Saturday, March 02, 2002
Let's clear air for open dialogue on gender biasLetter to the Editor
Mary Mayman's and Marlene R. Taube's dissent, expressed in their Feb. 28 letter "Column misses underlying issues in Yates case" concerning Tommy Schnurmacher's Feb. 24 column, "Women are getting away with murder," ironically, misses the underlying issue.
In essence, Mr. Schnurmacher asserts judicial bias in favour of women, vis-à-vis men, exists in matters pertaining to crime and punishment. Ms. Mayman's and Ms. Taube's ineffective rebuttal narrowly focuses on Andrea Yates's psychological profile, attempting to sidetrack the broader arguments, which point to a double standard benefiting women in both the courts of law and public opinion.
Women's legal defences carry more weight, and female convicts are afforded greater sentencing leniency by virtue of their gender. Defences, such as the "battered-woman syndrome," are granted discriminately to women while no such protection exists for men.
In spousal murder trials, 13 per cent of female defendants obtain acquittals vs. only one per cent of male defendants. The average prison sentence for convicted men in such cases is 17.5 years, vs. 6.2 years for convicted women.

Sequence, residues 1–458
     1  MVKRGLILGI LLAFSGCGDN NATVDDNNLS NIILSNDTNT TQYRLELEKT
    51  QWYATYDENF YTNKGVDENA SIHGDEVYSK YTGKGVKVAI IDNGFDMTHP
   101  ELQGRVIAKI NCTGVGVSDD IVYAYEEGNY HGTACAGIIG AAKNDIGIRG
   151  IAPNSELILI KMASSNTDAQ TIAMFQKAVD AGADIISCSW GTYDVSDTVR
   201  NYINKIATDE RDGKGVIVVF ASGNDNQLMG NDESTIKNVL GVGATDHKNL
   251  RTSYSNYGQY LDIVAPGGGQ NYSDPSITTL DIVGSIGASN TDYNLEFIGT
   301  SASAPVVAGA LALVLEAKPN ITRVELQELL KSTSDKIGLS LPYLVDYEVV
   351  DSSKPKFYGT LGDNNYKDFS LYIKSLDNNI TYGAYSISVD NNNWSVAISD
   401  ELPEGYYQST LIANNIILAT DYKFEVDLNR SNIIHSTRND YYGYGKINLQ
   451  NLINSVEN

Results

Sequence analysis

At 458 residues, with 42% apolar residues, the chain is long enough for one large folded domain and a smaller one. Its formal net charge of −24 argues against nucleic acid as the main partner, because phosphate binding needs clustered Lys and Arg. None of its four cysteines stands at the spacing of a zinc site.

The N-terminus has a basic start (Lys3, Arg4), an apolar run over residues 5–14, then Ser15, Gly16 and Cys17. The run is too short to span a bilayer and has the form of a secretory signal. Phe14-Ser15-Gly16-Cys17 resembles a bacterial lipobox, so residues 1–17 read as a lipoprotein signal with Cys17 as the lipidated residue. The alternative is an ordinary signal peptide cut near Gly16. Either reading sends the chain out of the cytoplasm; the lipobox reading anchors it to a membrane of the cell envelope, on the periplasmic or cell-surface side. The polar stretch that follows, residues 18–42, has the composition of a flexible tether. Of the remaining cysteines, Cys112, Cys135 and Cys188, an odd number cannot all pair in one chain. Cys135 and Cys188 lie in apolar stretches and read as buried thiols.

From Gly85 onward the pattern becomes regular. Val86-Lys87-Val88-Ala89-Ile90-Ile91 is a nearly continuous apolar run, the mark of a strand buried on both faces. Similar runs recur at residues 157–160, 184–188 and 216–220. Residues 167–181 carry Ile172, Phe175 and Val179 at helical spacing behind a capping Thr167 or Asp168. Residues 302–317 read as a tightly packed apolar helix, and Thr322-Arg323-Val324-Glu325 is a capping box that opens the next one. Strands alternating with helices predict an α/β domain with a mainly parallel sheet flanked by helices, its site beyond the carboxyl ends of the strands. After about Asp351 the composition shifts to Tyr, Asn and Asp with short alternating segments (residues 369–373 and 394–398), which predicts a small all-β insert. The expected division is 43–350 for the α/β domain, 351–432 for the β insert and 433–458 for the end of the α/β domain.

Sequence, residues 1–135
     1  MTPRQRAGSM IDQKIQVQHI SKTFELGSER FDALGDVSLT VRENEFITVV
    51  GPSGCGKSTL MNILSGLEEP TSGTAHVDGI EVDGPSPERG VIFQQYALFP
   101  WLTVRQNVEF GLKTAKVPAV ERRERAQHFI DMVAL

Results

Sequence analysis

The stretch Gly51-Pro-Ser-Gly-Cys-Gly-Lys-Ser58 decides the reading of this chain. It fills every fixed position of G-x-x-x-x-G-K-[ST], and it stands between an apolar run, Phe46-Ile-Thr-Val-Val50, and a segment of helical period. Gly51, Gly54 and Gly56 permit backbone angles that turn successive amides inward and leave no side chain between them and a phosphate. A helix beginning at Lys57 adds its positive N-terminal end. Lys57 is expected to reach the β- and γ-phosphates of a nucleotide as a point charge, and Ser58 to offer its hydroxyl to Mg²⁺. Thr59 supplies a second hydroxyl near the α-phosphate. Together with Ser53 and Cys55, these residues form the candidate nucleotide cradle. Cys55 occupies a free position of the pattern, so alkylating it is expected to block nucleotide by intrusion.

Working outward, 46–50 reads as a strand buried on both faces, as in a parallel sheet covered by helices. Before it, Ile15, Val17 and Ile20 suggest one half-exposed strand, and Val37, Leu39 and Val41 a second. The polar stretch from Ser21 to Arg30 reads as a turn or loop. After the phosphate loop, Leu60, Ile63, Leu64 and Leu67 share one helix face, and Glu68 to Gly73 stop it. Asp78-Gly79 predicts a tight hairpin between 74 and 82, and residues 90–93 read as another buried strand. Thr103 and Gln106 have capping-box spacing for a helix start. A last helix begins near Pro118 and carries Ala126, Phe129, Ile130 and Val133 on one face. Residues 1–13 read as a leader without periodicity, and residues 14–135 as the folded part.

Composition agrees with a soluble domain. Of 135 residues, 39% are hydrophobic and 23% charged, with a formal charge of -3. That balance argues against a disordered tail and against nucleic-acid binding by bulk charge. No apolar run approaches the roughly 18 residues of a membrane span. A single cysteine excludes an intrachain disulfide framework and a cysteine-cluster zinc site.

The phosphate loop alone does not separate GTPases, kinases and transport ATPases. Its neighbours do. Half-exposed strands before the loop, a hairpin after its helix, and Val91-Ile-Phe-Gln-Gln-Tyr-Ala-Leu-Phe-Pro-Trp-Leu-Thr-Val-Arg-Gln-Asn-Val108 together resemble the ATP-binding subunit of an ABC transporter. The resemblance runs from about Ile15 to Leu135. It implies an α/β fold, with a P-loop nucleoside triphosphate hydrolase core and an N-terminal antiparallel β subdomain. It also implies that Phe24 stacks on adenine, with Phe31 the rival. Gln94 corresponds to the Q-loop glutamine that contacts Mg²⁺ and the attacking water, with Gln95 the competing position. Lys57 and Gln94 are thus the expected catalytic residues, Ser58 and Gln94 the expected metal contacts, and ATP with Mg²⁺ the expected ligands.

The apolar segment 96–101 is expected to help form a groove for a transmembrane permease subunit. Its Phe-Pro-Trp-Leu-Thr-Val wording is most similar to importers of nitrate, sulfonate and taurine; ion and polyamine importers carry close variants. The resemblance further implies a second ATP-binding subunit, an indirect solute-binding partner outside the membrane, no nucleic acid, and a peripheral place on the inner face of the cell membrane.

Ms. Yates's medical diagnosis, as succinctly offered in the letter, in no way nullifies evidence supporting the prevalence of gender bias, regardless of Mr. Schnurmacher's inability to distinguish between depression and psychosis. Furthermore, your correspondents' comment that "women suffer far higher rates of depression than men" cannot be substantiated because men are inherently less likely than women to speak about their condition, much less report it.
It's unfortunate opinions not popular with the feminist elite must endure the usual reactionary rhetoric and be branded "misogynistic." How can we eliminate all barriers to equality unless we can at least clear the air for a more open and respectful dialogue?
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